# Finding Roots of Quadratic Equations

__Finding Roots of Quadratic Equations__

__What is a root to an equation?__

A root to an equation is a set of value(s) that satisfy the equation and when shown graphically they are the x values at which the function intercepts the x-axis.

__The general form of a quadratic equation is:__

ax^{2} + bx + c = 0 where a, b and c are real coefficients

and before attempting to solve any quadratic function, you should always aim to get it into this form first.

If it is not in the correct form it can be converted by adding and subtracting each side functions of x in the initial form, for example:

x^{2 }= 2x – 12 (Subtract both sides by 2x)

x^{2 }– 2x = -12 (Add 12 to both sides)

x^{2 }– 2x + 12 = 0

As you can now see the previous equation is now in the standard form ax^{2} + bx + c = 0, where a = 1, b = 2 and c = 12.

__Finding the Root(s) of Quadratic Equations__

The first way to solve a quadratic equation is by __factorising__ it, an example is:

x^{2 }+ 7x + 12 = 0 --> (x + 3)(x + 4) = 0

the root to the equation is then given by the negative coefficient of the real number inside the bracket, hence is -3 and -4. A sketch of this graph would consist of a U shape intercepting the x-axis at -3 and -4.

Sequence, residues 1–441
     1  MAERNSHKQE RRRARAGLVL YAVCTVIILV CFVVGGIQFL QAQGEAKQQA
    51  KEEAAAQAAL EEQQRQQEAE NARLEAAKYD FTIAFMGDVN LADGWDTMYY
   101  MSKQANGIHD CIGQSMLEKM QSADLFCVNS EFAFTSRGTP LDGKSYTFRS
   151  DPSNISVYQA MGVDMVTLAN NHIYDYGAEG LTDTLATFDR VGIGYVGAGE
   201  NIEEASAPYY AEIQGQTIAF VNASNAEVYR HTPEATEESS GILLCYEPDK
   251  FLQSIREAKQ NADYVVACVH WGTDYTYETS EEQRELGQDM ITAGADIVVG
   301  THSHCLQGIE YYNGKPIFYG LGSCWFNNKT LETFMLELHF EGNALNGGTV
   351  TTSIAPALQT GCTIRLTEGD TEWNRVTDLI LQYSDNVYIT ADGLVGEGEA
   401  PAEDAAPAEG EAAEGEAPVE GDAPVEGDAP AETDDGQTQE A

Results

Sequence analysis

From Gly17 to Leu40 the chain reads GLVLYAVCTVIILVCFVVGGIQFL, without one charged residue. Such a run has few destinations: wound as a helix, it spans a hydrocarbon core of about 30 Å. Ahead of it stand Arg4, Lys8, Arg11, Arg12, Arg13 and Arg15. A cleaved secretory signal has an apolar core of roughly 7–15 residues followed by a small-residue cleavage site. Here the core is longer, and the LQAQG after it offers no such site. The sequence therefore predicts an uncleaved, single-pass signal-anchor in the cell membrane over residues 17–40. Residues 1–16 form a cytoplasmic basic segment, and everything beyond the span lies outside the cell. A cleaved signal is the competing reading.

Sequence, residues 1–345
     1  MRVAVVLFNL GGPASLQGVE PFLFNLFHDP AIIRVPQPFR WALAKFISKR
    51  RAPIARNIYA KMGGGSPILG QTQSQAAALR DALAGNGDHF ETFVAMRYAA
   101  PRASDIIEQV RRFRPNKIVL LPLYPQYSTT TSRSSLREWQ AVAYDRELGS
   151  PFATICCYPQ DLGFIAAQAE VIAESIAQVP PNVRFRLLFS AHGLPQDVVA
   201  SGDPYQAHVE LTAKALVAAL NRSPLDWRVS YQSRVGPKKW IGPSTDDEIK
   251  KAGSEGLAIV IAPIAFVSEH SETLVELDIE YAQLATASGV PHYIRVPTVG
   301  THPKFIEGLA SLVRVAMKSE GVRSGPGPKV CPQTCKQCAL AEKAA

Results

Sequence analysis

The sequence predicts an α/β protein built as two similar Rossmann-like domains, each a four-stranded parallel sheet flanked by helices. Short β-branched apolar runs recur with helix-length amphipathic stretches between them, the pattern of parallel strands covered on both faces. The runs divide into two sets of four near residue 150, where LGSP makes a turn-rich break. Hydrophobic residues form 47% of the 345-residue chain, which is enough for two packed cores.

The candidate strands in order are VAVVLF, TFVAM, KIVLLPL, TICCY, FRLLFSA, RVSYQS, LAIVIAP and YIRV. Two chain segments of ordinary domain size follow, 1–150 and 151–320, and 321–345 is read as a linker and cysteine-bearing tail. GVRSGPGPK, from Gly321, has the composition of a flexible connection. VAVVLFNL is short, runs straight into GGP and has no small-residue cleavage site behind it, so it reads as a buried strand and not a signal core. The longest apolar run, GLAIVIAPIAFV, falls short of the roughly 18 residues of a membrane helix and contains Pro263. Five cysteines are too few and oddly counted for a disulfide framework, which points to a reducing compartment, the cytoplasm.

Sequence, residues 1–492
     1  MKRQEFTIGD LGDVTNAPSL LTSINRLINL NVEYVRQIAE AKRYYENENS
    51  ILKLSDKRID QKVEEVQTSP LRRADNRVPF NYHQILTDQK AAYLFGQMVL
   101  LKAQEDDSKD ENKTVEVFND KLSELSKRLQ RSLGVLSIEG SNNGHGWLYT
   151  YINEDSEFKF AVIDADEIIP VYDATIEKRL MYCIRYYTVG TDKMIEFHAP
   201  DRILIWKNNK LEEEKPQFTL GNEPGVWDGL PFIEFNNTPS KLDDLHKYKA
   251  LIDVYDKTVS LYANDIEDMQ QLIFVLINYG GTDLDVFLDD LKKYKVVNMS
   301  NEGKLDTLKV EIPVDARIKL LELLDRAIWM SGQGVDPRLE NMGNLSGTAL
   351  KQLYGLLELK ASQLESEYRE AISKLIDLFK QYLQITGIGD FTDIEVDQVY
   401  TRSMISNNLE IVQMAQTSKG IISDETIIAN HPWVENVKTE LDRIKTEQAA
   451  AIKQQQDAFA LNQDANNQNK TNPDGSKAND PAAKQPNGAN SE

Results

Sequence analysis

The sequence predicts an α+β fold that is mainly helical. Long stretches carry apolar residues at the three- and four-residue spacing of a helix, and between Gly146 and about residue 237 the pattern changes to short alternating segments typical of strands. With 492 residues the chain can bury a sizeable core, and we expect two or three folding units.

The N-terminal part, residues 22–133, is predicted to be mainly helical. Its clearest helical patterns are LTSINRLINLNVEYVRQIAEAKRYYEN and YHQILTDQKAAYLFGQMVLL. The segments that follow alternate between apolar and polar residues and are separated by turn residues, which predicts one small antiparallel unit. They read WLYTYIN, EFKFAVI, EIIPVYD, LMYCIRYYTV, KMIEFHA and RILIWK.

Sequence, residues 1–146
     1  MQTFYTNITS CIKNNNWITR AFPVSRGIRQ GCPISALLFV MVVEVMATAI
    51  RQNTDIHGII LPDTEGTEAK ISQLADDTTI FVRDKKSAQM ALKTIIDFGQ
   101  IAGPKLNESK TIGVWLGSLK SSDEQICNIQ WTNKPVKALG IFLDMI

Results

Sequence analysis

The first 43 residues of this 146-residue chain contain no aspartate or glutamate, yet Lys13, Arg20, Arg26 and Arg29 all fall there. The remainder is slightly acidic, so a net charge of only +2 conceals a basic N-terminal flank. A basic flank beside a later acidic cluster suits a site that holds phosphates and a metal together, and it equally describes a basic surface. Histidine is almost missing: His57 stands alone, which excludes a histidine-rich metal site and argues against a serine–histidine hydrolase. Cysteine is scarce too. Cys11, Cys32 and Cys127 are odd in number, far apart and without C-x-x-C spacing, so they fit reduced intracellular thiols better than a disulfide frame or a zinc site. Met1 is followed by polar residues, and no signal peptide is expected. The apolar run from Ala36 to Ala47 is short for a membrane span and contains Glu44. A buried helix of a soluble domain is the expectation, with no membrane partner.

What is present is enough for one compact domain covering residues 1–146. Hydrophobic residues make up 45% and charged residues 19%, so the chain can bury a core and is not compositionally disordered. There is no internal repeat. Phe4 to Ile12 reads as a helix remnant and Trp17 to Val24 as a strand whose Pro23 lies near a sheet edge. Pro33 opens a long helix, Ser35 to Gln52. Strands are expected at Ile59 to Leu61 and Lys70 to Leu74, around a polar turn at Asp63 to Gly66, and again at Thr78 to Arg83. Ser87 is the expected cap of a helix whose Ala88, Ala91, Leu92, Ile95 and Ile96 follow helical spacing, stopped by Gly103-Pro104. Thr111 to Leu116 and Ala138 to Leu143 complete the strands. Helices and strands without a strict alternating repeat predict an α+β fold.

The second way to solve a quadratic equation is to __complete the square__, an example is:

x^{2 }- 10x + 25 = 0 --> (x-5)^{2} = 9

The root to this equation is then worked out by square rooting each side and adding 5 to both sides, giving 8 and -2.

The final way to solve them by a __quadratic formula__, which is:

x = (-b +/- sqr(b^{2} – 4ac))/2a

The quadratic formula contains the function b^{2} – 4ac, this is called the discriminant and a, b and c are the coefficients of the equation when in the standard form. The value of the discriminant can show how many roots are present for a particular equation:

b^{2} – 4ac > 0 2 real roots

b^{2} – 4ac = 0 1 real root

b^{2} – 4ac < 0 2 imaginary roots (Complex conjugates)

__Example 1__

x^{2} + 6x + 3 = 0 a=1, b=6 and c=3

b^{2} – 4ac = 36 – 12 = 24

hence x = (-6 +/- 2sqr6)/2 = -3 +/- sqr6

so the two roots are -3 + sqr6 and -3 – sqr6

__Example 2__

x^{2} + 2x + 1 = 0 a=1, b=2 and c=1

b^{2} – 4ac = 0

hence x = -2/2 = -1

__Example 3__

x^{2} + 8x + 25 = 0 a=1, b=8 and c=25

b^{2} – 4ac = 64 – 100 = -36

The discriminant is less than 0, which shows that 2 complex conjugate roots are the solutions to the equation.

Since we can not find the square root of a negative number, we instead denote the term i, this represents the square root of -1 and also shows that i^{2} = -1. This now allows the solution to be found:

x = (-8 +/- 6i)/2 = -4 +/- 3i

hence the solutions are -4 + 3i and -4 – 3i which are complex conjugates